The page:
Another aspect of an embodiment of the self-sealing valve is that the valve housing and the valve assembly are constructed and arranged so that a sufficient fluid pressure created within a container maintains the at least the part of the periphery of the flexible diaphragm against the valve seat when there is an absence of an influx of fluid.
Another aspect of an embodiment of the self-sealing valve is that the valve housing comprises a single piece that includes a lip disposed about a perimeter of the valve housing that may be directly attached to a container wall.
Another aspect of an embodiment of the self-sealing valve is that it further comprises a stiffening means for reducing a flexing of the flexible diaphragm except for the at least the part of the periphery of the flexible diaphragm.
Another aspect of an embodiment of the self-sealing valve is that it further comprises a locking means for locking the flexible diaphragm in a locked open position.
Another aspect of an embodiment of the self-sealing valve is that it further comprises a releasing tab on the support member, that can be contacted to release the locking means.
Another aspect of an embodiment of the self-sealing valve is that the valve assembly comprises two pieces, the support member and the flexible diaphragm.
Another aspect of an embodiment of the self-sealing valve is that the support member and mounting device are arranged to suspend the support member so that no structure exists under the flexible diaphragm.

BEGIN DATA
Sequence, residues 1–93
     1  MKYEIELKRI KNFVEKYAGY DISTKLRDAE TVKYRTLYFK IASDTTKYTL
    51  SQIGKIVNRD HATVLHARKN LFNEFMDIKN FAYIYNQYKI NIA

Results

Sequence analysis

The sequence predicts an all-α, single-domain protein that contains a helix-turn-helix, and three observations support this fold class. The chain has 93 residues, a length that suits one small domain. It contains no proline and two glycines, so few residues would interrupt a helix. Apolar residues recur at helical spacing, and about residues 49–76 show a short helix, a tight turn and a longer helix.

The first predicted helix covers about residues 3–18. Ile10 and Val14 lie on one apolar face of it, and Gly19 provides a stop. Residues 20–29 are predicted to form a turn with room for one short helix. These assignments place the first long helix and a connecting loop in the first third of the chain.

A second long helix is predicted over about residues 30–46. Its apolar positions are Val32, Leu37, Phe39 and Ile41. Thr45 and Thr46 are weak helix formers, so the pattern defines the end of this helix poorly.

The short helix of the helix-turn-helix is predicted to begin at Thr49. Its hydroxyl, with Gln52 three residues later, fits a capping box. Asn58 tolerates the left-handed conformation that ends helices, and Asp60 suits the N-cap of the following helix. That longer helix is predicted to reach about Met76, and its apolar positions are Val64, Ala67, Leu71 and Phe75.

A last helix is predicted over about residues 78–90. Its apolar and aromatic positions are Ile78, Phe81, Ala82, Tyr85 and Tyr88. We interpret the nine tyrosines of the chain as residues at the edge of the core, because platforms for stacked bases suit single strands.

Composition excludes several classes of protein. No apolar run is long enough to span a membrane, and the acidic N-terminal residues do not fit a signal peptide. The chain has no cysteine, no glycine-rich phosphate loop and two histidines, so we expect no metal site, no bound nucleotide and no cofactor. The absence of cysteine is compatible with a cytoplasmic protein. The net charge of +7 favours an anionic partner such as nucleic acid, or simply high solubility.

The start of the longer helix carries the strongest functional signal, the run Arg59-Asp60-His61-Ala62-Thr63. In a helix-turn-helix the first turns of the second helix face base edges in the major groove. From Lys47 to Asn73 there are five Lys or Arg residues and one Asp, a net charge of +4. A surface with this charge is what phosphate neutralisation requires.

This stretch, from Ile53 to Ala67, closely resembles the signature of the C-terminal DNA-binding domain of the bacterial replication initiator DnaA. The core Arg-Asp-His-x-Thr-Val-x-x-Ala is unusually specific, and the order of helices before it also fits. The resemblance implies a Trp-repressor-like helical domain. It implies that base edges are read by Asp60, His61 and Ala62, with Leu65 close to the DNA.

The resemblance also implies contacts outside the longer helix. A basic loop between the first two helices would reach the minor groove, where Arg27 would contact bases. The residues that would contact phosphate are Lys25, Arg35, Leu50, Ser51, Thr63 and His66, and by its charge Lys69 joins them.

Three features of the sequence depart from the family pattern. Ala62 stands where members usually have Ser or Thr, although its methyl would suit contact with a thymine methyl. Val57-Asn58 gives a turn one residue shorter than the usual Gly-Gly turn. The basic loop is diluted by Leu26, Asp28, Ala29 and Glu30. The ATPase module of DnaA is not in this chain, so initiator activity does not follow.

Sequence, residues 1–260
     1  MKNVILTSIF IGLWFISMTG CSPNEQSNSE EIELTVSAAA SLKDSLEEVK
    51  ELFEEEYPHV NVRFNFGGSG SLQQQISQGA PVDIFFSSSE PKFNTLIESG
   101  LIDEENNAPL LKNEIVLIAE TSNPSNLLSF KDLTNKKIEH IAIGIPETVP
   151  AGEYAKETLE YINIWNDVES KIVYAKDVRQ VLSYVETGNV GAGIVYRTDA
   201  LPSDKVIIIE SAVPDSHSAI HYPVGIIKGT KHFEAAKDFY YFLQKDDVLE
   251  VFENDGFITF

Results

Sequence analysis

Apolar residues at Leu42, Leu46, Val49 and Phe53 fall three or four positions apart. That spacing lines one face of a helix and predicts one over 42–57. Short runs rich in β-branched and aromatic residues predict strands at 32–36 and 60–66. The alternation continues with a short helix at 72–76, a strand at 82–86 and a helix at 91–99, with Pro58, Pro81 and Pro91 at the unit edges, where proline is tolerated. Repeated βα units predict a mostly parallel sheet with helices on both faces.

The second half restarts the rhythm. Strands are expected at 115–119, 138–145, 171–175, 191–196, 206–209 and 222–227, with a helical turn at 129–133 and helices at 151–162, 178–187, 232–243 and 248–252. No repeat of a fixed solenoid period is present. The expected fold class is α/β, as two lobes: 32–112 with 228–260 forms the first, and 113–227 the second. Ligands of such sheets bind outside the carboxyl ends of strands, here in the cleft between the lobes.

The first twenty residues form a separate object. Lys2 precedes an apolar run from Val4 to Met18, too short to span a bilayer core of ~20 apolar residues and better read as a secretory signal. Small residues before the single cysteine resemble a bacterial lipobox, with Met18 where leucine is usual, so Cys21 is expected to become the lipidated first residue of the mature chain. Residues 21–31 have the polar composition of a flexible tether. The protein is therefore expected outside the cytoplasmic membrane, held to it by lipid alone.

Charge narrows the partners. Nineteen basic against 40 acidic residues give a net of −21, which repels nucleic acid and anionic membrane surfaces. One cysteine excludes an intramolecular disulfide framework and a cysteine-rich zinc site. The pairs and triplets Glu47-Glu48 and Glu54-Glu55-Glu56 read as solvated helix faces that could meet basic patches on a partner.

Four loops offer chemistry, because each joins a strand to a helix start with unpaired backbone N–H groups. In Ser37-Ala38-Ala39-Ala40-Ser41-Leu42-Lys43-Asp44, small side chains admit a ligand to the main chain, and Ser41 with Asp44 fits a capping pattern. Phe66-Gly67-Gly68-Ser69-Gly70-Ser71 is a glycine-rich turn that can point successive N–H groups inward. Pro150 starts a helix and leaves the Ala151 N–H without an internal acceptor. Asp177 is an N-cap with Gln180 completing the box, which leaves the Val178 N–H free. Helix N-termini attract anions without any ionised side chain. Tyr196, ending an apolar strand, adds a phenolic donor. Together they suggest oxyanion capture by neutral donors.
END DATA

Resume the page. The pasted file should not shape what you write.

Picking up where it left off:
Another aspect of an embodiment of the self-sealing valve is that the valve assembly and valve housing are arranged to provide non-axial movement of the at least the part of the periphery of the flexible diaphragm in a direction not substantially along an axis of the fluid conduit, in the first direction and in the second direction.
Another aspect of an embodiment of the self-sealing valve is that the valve assembly and valve housing are arranged to provide axial movement of the at least the part of the periphery of the flexible diaphragm substantially along an axis of the fluid conduit, in the first direction and in the second direction.
Another aspect of an embodiment of the self-sealing valve is that the valve housing and the valve assembly are arranged to provide a high volume of fluid transfer over a low pressure range through the fluid conduit.
Another aspect of an embodiment of the self-sealing valve is that the valve assembly is constructed and arranged so that substantially any part of the flexible diaphragm may be contacted to regulate the transfer of the fluid through the self-sealing valve.